boots and TrailTraveler like this.
         
        04-09-2014, 07:02 PM
      #14
    Started
    The instructor I had for years thought of trail riding as "slacking off." It was the one thing I really didn't like about her.
         
        04-09-2014, 07:19 PM
      #15
    Foal
    I've taken lessons, on and off, at different points in my life. Usually, they were kind of refresher lessons because I don't show. I do, however, LOVE to trail ride -- not like the show class, but the real thing with real hills and real streams and trees and scary, furry/feathered creatures popping out from behind bushes.

    It's funny to me, too, that a lot of my friends who show occasionally take their horses out for a trail ride as a "treat." For the rider? Or for the horse? BOTH, would be my guess. Trail riding as a "treat." Yep, I think so, too. Beats "work," any day, in my opinion....
         
        04-09-2014, 07:21 PM
      #16
    Weanling
    In addition to the very,very basics of w/t/c, stops and turns, I'd say it would serve any trail rider well to know how to ask for and get sideways and at least turns on the forehand (yield hq). You never know what you're going to encounter on the trail and what you'll need to be able to do to get yourself and your horse safely out of ,around, or thru it !
    The first time we needed to turn around on a narrow trail,I forget what was blocking forward movement, with a few horses stopped in front of us,, I swear I could feel Sonny thinking "so this is the purpose of it" when I had him do a hq yield x 180 degrees to get us headed back up the trail. Other folks had to do a regular turn with forward motion and got all off into the heavy bushes, etc. on the sides, while we managed to turn around without getting off the path.
    Sideways comes in very handy when you run into gates that aren't on the map, or weren't supposed to be closed when you got to them. Speaking of maps and markings on the trails...never ,never good ime.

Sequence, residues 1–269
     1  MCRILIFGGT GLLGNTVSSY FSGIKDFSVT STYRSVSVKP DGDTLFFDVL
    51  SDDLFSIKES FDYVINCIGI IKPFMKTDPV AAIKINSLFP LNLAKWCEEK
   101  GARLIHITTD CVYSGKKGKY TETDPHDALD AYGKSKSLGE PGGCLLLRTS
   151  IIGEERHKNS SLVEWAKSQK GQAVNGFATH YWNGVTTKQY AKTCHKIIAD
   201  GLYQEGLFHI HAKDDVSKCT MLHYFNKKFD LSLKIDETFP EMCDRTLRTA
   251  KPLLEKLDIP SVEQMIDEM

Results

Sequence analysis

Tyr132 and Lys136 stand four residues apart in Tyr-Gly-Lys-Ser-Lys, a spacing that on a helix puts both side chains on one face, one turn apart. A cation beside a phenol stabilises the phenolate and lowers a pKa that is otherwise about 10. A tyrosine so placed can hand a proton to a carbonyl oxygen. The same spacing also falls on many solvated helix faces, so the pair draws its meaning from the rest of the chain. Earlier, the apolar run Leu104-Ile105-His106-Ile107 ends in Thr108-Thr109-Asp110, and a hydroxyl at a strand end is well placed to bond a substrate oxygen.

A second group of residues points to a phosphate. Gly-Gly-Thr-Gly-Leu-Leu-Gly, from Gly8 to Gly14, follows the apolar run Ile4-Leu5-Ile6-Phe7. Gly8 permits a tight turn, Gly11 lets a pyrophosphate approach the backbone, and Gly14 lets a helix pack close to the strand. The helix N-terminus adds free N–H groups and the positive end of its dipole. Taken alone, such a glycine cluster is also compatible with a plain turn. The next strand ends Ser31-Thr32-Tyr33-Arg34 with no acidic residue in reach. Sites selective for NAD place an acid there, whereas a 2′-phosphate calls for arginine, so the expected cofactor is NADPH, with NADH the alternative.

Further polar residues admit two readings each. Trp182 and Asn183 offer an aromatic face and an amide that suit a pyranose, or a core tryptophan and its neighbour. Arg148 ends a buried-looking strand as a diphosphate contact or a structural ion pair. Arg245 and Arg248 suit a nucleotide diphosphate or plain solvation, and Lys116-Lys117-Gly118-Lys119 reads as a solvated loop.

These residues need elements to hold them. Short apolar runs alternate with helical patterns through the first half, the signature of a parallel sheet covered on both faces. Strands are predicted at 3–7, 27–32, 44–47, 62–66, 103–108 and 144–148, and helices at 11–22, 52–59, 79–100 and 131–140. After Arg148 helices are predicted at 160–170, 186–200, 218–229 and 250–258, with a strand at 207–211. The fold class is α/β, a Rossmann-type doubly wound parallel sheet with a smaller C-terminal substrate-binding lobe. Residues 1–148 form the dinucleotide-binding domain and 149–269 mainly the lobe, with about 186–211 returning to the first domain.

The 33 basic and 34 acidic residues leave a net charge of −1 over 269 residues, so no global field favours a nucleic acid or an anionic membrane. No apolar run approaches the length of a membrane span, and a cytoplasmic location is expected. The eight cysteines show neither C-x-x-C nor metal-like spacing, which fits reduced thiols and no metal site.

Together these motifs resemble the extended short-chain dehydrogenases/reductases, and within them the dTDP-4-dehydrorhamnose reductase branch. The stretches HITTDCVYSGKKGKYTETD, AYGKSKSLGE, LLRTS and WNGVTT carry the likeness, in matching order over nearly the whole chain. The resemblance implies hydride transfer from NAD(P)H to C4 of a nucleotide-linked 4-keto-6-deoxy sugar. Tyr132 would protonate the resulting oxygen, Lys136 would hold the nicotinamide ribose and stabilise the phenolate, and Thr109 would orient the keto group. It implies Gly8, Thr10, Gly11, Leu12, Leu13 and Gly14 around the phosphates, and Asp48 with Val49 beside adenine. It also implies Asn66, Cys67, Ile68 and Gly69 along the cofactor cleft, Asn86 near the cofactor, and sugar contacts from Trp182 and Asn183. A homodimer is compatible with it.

Yes, YES to the one rein stop and having practiced it ad nauseum in a calm situation before ever needing it, having been taught in a lesson situation how to s l o w l y ask for it.
    Although a lot of instructors , esp. If geared toward showing/arena only..don't include helpful trail lessons,,there are options available. One of our local natural horsemanship trainers has an annual one day clinic geared esp. For trail riders/horses,and he also has an annual trail obstacle day.
    If you're an ACTHA or the other obstacle trail group (sorry , I've forgotten the name) member, then you have lots of opportunities to help your horse get confident with suddenly coming upon people and strange man made obstacles on the trail.
    A good trail horse is worth his weight in gold, imho.

    Fay
         
        04-10-2014, 02:50 AM
      #17
    Yearling
    My instructor never said, "Here's how we stop a spooking horse." but all her lessons that taught me balance and cues and rein work saved me from just that problem during a lesson.

    If you have a good instructor, you'll be learning what you need to know during every lesson regardless of whether the instructor actually tells you that's what you're doing.